Whether the babysitter has just told you she’s booked tickets for a European trip or you’re already feeling the heat of a busy schedule that will leave you in a bind over the summer – don’t panic!
Hiring the right nanny or temporary sitter is as simple as drawing up a short checklist and sticking to a plan. Here’s how to go about it with our 5 steps to finding summer childcare:
1. Create a job description
When hiring a summer sitter, consider the changes to your needs, your schedule and, most importantly, the transition for the kids. If you have school-age children, your sitter’s duties will likely differ in the summer from other months throughout the year. The kids are now home full-time, and if you’re still at work full-time, you may need someone to help out with transportation, meals and keeping the kids active.
Before starting your search for the perfect sitter, sit down and write a job description. Think about what you loved (or weren’t so fond of) with your last sitter and consider his or her ideal traits. List job responsibilities and any requirements, whether it’s a certain age, level of experience, college education or life guard and CPR certification. The more detailed the list, the more likely it is that only the most ideal candidates will apply, saving you time and stress. Once you’re prepped, you’ll work your way through finding the right sitter with ease.
2. Get the word out
One of the best ways to find a summer nanny fast is to let others know you’re looking for one. Take your newly formed and polished job description and put it to work.
- Post on platforms such as Care.com. Just beware of people pushing a former babysitter too much and be sure to call other references and do a background check.
- Ask around. Talk to friends, neighbors and family, and ask them to ask around to help you find a trusted reference. If you have friends who are also employing summer help, speak with their nannies. A lot of sitters know others who are in the same profession and may be able to refer a great candidate to watch your little ones.
- Think local. Who might your child already feel comfortable around? Don’t be afraid to ask your child’s camp counselor or a caregiver at a local daycare or gym if they babysit on the side.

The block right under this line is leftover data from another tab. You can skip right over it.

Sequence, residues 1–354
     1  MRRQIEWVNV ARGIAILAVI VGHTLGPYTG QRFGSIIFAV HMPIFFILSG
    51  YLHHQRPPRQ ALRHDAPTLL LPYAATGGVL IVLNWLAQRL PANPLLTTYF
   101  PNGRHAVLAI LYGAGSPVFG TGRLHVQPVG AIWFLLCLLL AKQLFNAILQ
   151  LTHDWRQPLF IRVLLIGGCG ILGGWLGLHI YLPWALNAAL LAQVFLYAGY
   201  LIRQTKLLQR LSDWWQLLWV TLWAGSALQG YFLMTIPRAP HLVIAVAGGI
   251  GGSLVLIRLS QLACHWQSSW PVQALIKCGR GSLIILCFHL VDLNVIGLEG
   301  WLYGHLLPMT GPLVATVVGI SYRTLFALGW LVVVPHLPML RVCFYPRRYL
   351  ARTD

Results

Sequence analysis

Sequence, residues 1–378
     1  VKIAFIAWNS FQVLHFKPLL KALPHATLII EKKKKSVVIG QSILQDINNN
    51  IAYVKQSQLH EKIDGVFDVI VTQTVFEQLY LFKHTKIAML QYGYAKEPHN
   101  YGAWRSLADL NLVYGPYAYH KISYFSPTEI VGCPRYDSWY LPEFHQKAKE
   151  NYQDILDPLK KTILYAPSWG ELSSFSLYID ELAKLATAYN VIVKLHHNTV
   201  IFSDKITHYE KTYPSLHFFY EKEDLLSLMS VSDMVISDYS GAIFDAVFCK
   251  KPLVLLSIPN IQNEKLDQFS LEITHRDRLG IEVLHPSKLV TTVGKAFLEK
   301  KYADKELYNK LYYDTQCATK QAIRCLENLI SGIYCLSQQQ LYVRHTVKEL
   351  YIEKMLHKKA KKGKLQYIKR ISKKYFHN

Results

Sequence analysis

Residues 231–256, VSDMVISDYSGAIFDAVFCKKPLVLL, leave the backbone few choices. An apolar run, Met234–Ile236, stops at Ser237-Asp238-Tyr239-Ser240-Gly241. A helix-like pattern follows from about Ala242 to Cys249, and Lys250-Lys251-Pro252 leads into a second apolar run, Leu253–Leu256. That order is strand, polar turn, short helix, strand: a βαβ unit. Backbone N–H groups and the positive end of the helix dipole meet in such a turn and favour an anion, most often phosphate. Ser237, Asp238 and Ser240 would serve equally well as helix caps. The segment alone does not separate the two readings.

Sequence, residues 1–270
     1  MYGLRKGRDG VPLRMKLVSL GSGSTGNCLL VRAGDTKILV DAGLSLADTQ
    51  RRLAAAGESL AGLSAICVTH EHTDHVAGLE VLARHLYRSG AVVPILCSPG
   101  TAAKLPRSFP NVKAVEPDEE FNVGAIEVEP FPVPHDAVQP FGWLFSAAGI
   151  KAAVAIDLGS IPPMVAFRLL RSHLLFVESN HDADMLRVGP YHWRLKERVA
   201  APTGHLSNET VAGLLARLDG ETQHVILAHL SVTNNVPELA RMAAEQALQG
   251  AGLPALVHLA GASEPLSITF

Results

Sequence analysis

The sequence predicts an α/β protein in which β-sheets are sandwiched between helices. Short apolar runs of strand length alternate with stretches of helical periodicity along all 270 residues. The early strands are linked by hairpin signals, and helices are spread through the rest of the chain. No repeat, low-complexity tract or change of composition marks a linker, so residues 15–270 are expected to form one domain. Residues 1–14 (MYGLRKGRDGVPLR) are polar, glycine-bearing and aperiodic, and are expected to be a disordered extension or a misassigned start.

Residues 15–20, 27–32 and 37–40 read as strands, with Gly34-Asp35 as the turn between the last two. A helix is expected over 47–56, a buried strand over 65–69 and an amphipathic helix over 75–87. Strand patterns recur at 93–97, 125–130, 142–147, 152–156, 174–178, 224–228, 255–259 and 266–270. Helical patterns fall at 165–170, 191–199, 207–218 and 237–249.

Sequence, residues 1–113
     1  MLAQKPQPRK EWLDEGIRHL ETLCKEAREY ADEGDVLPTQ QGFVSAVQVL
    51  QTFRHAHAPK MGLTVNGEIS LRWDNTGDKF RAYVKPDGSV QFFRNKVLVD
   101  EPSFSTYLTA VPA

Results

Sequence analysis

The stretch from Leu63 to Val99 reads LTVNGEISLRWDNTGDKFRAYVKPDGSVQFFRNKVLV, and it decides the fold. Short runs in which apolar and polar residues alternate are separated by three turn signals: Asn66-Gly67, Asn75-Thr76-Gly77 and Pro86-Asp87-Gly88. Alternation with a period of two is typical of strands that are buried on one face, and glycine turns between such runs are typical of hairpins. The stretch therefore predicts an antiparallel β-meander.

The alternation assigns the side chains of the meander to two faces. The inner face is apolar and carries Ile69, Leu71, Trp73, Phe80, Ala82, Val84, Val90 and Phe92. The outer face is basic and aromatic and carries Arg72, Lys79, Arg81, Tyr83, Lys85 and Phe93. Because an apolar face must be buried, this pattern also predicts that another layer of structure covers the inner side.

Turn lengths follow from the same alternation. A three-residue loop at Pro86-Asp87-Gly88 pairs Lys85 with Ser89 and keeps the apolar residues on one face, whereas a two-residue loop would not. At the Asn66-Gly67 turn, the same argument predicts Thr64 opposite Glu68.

- Let babysitters come to you. Take the job description you wrote and post it on a babysitter-matching service such as (ahem!) Care.com. When you create a summer child care job ad, the candidates will respond, and ideally you will get people who meet each qualification you asked for.
3. Screen qualified applicants & reference check
Compile all of the applications you receive and check them against your job description. Decide what, if anything, you’re willing to compromise on. For example, if you listed a college degree as a requirement, but have an applicant who is in her junior year working toward her teaching degree and meets all the other must-haves on your list, is this someone you’d still consider? A job description is perfect for outlining your needs, but every application is different and sometimes you don’t know what you want until you see it.
Once you’ve vetted your applicants and have a solid list, you’re ready to hop on the phone. Call references for every potential babysitter, no matter who recommended them. Ask about more than just work experience — maturity and responsibility are just as important. Dig beyond the initial references applicants offer, as other references may present more insight. Try a college professor, neighbor or former employer. Then require a professional background check for any finalists.
4. Get your children involved
All applicants should go through an in-person interview, but if this is not possible (e.g. the applicant is still a student at college), a phone or Skype interview may suffice. Kids may enjoy the process as well — if they’re older, you can empower them by letting them ask questions within the interview process. Even if they ask “silly” questions like, “What’s your favorite game,?” the applicants’ answers could help sway the decision between final candidates. Allowing kids to get involved can also make the transition to a new babysitter go smoother. Losing a caregiver often affects children more than you may realize.
5. Clarify your expectations
Once you choose a babysitter, both parties should complete and sign a nanny contract, even if it’s just for the summer. Setting expectations regarding start and end times, compensation, vacation dates and care requirements. Have both parties sign it.
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